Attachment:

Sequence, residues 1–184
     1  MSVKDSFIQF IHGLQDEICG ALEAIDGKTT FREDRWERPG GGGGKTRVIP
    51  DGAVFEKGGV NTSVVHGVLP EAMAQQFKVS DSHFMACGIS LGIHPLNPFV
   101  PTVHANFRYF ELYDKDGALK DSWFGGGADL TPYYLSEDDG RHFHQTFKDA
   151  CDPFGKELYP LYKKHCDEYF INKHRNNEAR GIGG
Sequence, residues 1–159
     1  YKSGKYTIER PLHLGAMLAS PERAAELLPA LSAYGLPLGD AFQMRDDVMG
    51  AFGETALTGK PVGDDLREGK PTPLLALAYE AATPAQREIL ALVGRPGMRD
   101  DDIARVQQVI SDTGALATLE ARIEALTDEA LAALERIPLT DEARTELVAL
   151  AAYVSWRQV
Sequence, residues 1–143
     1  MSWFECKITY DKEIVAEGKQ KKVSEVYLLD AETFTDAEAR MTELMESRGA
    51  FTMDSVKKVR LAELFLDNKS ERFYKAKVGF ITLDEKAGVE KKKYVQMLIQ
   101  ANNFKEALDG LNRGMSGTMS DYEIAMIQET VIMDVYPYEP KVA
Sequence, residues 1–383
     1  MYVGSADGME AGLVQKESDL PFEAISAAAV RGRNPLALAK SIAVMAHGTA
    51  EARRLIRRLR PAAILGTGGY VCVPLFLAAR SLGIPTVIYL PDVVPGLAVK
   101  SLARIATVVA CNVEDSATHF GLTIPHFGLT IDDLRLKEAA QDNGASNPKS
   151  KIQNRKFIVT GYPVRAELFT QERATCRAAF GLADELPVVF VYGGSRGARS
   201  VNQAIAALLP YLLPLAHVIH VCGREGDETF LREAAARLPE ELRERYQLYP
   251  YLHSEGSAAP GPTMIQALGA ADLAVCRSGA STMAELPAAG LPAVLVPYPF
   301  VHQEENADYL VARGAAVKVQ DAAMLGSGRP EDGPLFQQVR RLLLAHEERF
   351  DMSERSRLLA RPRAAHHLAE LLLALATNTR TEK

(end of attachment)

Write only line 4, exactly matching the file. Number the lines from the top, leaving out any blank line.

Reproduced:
   101  PTVHANFRYF ELYDKDGALK DSWFGGGADL TPYYLSEDDG RHFHQTFKDA